- and after another 3-5 minutes it comes up with the following appalling piece of text:

                                         "Welcome to the Best Windows Ever"

- and all I want to do is to punch its stupid laptop face.

By the way, it says that using Microsoft's Edge Browser, that defunct bit of rubbish software that Microsoft have just abandoned, best Windows ever with Microsoft Edge - my aAAArse it is.

"Discover the features below to see what makes it great." say Microsoft twisting that knife into my guts.

I'll tell you what really happened here - I created an account on Windows 10 and in the process I learnt to hate Windows 10 with all my soul.

That's it - I can stand no more.

It is the dawn of the 20th century, and the British Empire has taken to the stars! As the captain of a spacefaring locomotive you’ll behold wonders and battle cosmic abominations in the heavens.…

My steampunk designs, I've been creating them for years and it is the combination of Victorian technology and modern computing capability that intrigues me enough to want to create. There is no reason for me to create them, they make me no cash, they take a lot of time, they are appreciated by few but those that do like them, really do like them. So, what is the point? Well I had a revelation based upon a watching a silly television programme to do with the recreation of arts and crafts skills to reproduce beautiful items. The Arts and Crafts movement was all about the creation of the item, the hard work of the individual craftsman justifying the existence of the item. The work involved was unnecessary given the availability of cheaper mass-produced items. The work often required the use of obsolete and archaic tools and the reinvention of methods long dispensed with. The end result was unique, individual, special but full of character. A craft raised several levels to the point of becoming art.

I'd like to say that chimes very well with my mindset and what I like to create. Whether I manage to achieve it or not is debatable and up to the eye of the user but this little revelation has helped me place my creations with a mental perspective that I previously lacked. I now like to think that my designs and creations, pathetic that they are, as being created with the same mindset of those original creators of the Arts and Crafts movement all those years ago. The medium is utterly different, the time sets us apart by more than a hundred years but the essence of creation is the same.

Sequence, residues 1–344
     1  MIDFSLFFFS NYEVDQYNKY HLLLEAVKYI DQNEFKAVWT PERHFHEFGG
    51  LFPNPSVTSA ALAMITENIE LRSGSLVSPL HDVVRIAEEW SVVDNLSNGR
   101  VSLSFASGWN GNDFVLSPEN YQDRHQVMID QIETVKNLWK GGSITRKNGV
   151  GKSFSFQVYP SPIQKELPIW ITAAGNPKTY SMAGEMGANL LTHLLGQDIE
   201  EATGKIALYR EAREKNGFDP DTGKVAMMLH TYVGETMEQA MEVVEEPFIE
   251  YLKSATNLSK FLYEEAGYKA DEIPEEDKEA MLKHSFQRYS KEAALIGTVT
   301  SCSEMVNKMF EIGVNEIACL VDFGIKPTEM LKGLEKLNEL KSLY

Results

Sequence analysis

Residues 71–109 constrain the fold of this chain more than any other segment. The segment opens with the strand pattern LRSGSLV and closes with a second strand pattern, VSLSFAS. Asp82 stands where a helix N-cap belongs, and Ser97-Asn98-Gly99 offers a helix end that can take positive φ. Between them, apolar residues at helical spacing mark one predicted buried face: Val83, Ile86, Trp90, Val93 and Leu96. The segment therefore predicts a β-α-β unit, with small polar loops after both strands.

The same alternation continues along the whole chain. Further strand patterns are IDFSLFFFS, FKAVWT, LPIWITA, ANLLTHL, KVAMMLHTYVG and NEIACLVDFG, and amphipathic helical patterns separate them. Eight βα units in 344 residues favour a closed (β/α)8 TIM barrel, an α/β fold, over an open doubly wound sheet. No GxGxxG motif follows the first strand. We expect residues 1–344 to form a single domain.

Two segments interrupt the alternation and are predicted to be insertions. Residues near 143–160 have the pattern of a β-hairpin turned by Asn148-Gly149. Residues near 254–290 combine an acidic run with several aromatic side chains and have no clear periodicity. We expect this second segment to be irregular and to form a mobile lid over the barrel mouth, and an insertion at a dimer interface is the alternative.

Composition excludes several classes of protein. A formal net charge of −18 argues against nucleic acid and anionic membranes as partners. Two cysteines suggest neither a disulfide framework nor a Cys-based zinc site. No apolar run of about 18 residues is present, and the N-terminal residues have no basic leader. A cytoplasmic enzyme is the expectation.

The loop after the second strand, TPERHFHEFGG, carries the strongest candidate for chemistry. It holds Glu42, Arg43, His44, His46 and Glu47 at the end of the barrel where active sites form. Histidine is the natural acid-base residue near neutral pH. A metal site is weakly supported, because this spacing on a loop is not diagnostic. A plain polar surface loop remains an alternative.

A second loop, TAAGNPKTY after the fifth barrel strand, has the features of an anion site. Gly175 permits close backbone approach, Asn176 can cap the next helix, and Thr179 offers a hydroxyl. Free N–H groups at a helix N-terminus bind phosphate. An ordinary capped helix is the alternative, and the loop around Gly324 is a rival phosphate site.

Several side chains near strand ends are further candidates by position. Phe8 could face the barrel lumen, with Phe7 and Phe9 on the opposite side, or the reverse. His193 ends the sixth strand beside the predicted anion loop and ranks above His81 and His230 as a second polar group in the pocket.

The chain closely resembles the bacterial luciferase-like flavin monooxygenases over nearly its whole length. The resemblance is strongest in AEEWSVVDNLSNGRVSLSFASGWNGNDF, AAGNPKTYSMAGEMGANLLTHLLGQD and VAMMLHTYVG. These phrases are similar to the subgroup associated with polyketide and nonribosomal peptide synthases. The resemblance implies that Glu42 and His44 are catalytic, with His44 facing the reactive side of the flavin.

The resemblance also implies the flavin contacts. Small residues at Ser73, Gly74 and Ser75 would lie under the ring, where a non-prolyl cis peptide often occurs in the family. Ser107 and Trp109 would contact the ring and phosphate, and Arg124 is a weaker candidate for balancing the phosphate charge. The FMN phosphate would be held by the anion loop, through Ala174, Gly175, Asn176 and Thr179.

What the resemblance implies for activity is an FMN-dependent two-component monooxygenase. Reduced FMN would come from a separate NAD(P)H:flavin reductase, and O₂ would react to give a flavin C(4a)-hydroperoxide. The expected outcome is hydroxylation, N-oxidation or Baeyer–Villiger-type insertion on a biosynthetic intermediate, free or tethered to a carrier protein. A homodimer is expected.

Well, that is how it feels to me. I may be hoping for too much of a connection but the thought generates a contented feeling in my whole frame having found such a link, if only a tenuous one and if only in my own mind.

If YOU feel the same, if you have a feeling that you are a part of that same Arts & Crafts movement then contact me, perhaps there is enough of a reason to form a new Arts & Crafts group.
A quick review on a crap laptop. I have a 10 year old Dell that runs like a dream. It has an old core2duo 2.7ghz and a hybrid SSD/HD running Windows 7 ultimate 64bit. It has an integrated GPU that should be rubbish, 4gb RAM, a 15" screen and a full travel keyboard. This is an old and out of date laptop. Surprisingly, it is amazingly capable. The HD is very quick and as a result it releases the power of the laptop to respond to its users wishes (me). I merely run Photoshop, Palemoon, code in RJTextEd, run some widget engines in parallel, take notes using Cintanotes, run a dock, do some instant messaging and run some media players. The usual a/v tools are running on both machines, Malwarebytes and Avast. It starts Photoshop in 8 seconds and can handle the Palemoon browser dishing out the BBC whilst I play a game of world domination using Coconet. No delays, instant response. Generally impressed by the Dell Latitude e5400.

Unfortunately, it has broken. The screen bezel has suffered some damage in the hands of the previous owner (my sister-in-law) and the hinge has obviously been weakened. Now it has snapped at the metal part of the hinge and dismantling shows it won't be an easy job to repair, some metal bashing and drilling required.

So, I have transferred my Palemoon profile to a new laptop, copied over my main working folder, I've been installing all my applications over the last week or so and it was read to roll, or so I thought.

The new laptop is a HP Pavilion 15 with an 2.0hgz AMD quad core A8-6410 CPU that can overclock to 2.8ghz with an integrated AMD Radeon R5 GPU, a 1TB HD and 8gb of RAM, running Windows 10 Home 64bit. It has a wide letterbox type screen, a stylish low-travel keyboard and a trackpad.

CPU tests show this new machine to be no slouch. It has gaming capabilities, multi-threading and should run rings round the old laptop. It should scale to running twice as many applications that are 50-100% more demanding with regard to CPU and GPU requirements. Unfortunately, this isn't the case. It runs on-line games very well at medium resolution (which is something the old laptop just could NOT do) but in all other tasks it seems to lag significantly behind the 10 year old laptop which is something I didn't expect.